The gentleman wears a padded doublet over a white shirt with a ruffled collar that is embroidered with an intricate knot pattern. The doublet is elaborately embellished with guards – vertical bands of velvet ribbon sewn onto the fabric. He is wrapped in a cloak that is lined with what is likely to be Siberian fox; the fur is rendered with exceptional care and is very finely preserved. Jane Bridgeman, a dress and textile historian, has pointed out analogies with the clothing depicted in the Portrait of Prospero Alessandri by Giovanni Battista Moroni (c. 1521/24–1579/80), dated to about 1560 (Princely Collections of Liectenstein, Vaduz and Vienna).1 On the basis of the style of dress, the portrait cannot have been painted before 1560. The portrait’s striking realism is enhanced by the lighting, which casts the sitter’s shadow onto a plain background, adding to the illusion of depth.
Opinion over the attribution is divided. There is a lack of consensus over where this portrait was painted, with some scholars seeing it as northern European and others as North Italian. One possibility is that the sitter himself may not be Italian, although he wears Italian dress.2 Another suggestion is that this may be an instance of a work by a painter – perhaps from Eastern Europe – familiar with the style of Anthonis Mor (c. 1516/21–1576/77). A more convincing artistic context for this painting may be found in Lombardy. On the basis of a photograph, Simone Facchinetti has proposed a compelling analogy with a comparable portrait of a bearded man in the Borromeo Collection on the Isola Bella, Lago Maggiore, a work that is datable to the third quarter of the sixteenth century and attributed to an anonymous Lombard artist in a recent publication on the collection.3 The two portraits resemble one another both in the manner in which the head is painted – particularly in the way the hair is built up with separate strokes – and in the detailed rendering of fabric. Simone Facchinetti went on to suggest as a working hypothesis a possible attribution to the Brescian artist Francesco Ricchino (c. 1518–1573), a painter who trained under Moretto (c. 1492/95–1554) and later in the mid-sixteenth century worked in Germany, notably in Dresden, where he was influenced by northern examples; this intriguing idea needs further investigation, not least because what is known of Ricchino’s work as a portraitist (albeit of later date) differs stylistically.4 For Mauro Natale the closest reference point is the work of Moroni of about 1560–70. Albeit that the analogy with the Borromeo portrait is strong, in his opinion the spatial conception of the present work – with shadows projected onto the background – differs from the arrangement of the sitter in the Borromeo painting against a neutral background and accords more with painting in Bergamo and Brescia in about 1560.5 Describing it as very beautiful, Marco Tanzi has recently proposed an attribution to the Cremonese painter Bernardino Campi (1522–1591), on the basis of a series of analogies with other portraits and his characteristic way of painting. In particular, he compares this with a Portrait of a young man, bust-length, which sold at Christie’s, New York, on 28 January 2015, lot 130.6 Following recent first-hand inspection, Keith Christiansen, noting the particularity of the surface concluded that in his opinion the most likely candidate was Cremonese. We are grateful to them all for their opinions.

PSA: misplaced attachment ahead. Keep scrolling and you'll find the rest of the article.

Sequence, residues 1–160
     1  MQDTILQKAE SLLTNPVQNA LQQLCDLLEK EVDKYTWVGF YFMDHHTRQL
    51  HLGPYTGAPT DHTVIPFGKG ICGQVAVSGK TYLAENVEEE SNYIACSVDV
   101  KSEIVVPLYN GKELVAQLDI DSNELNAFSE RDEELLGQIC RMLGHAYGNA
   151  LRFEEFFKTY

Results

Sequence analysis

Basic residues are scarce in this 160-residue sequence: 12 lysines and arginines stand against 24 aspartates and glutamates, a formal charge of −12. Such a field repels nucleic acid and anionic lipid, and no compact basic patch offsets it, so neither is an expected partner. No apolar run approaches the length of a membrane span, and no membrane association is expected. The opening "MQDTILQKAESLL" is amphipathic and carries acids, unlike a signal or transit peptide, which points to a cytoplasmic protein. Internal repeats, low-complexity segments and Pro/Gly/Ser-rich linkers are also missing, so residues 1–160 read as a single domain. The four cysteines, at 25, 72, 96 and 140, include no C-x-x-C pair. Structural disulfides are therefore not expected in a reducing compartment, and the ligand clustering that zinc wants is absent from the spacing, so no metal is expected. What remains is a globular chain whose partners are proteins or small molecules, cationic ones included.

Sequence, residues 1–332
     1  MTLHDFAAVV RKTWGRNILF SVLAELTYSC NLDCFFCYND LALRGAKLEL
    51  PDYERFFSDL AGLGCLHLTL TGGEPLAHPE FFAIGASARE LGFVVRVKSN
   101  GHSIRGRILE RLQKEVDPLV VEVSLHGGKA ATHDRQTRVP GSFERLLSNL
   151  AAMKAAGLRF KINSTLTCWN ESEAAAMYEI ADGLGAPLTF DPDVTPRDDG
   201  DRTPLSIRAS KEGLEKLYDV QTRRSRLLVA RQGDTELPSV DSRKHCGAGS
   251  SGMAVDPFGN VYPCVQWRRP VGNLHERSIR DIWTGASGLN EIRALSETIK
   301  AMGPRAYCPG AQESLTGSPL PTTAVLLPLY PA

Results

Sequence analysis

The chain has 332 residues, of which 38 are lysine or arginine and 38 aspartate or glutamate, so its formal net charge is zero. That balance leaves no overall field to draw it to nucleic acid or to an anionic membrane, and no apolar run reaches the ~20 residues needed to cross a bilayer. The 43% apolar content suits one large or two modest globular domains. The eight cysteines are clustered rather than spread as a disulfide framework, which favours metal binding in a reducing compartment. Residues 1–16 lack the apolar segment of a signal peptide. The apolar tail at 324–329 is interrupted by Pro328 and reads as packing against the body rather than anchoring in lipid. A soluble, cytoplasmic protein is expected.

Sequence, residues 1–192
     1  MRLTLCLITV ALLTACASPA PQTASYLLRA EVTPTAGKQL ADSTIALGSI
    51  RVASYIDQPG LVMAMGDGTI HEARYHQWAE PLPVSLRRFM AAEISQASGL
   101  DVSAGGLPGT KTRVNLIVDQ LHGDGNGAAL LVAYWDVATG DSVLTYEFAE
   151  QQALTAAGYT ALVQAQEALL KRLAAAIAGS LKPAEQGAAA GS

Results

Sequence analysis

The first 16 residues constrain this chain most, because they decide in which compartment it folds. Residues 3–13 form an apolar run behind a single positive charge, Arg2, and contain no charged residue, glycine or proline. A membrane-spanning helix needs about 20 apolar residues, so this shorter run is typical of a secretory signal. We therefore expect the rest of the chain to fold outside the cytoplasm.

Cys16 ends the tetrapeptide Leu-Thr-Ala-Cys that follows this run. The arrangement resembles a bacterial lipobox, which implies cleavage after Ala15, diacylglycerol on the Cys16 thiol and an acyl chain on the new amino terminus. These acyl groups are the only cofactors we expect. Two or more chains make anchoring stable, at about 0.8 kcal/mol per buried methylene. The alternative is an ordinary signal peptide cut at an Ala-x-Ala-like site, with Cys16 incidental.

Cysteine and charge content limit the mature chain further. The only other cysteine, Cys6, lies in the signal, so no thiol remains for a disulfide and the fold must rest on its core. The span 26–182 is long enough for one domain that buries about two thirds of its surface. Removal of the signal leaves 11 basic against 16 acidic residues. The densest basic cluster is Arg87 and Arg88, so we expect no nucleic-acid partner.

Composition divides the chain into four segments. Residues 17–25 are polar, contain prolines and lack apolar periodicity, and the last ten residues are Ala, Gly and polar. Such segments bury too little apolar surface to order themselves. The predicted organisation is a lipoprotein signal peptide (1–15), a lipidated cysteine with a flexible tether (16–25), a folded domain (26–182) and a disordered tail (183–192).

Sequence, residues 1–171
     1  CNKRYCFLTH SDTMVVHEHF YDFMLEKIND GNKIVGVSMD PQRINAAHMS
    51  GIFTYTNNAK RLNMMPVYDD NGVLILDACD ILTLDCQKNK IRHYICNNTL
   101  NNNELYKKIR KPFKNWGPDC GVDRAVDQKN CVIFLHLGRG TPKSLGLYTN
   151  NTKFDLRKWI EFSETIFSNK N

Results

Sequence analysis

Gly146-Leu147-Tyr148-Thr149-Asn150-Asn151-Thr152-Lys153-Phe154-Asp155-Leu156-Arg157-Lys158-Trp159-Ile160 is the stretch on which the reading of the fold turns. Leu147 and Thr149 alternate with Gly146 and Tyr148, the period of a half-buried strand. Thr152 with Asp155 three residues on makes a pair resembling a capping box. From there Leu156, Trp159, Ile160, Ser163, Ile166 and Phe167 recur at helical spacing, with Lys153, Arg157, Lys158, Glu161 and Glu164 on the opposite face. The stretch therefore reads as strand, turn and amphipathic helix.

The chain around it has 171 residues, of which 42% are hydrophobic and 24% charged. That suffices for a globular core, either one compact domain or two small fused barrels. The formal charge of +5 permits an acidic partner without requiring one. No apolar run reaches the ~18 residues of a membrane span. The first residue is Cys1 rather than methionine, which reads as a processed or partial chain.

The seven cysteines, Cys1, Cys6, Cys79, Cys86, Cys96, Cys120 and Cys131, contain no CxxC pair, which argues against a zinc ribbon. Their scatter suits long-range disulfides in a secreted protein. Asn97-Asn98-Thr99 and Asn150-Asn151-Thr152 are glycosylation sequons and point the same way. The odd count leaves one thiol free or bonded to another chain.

1. GE 2149; oil on canvas, 104.6 x 83.5 cm. See S. Facchinetti in Giovanni Battista Moroni, exh. cat., Royal Academy of Arts, London 2014, no. 18, reproduced in colour on p. 68.
2. At the collar's corner there appears to be an initial ‘W’, which may indicate the sitter's initial. If this were so, it would suggest that the sitter is not Italian. This would not, of course, preclude a foreigner choosing to wear Italian fashion and sitting for an Italian painter.
3. P. Plebani in A. Morandotti and M. Natale (eds), Collezione Borromeo: La Galleria dei Quadri dell’Isola Bella, Cinisello Balsamo, Milan 2011, p. 190, no. 37, reproduced in colour on p. 191. Written communication, 20 May 2017.
4. Written communication, 22 May 2017.
5. Written communication, 23 May 2017.
6. Portrait of a young man, bust-length: oil on canvas, 62.5 x 46 cm. Written communication, 22 May 2017. As for the Borromeo portrait, in his opinion it is by Antonio Campi and has published it as such before.
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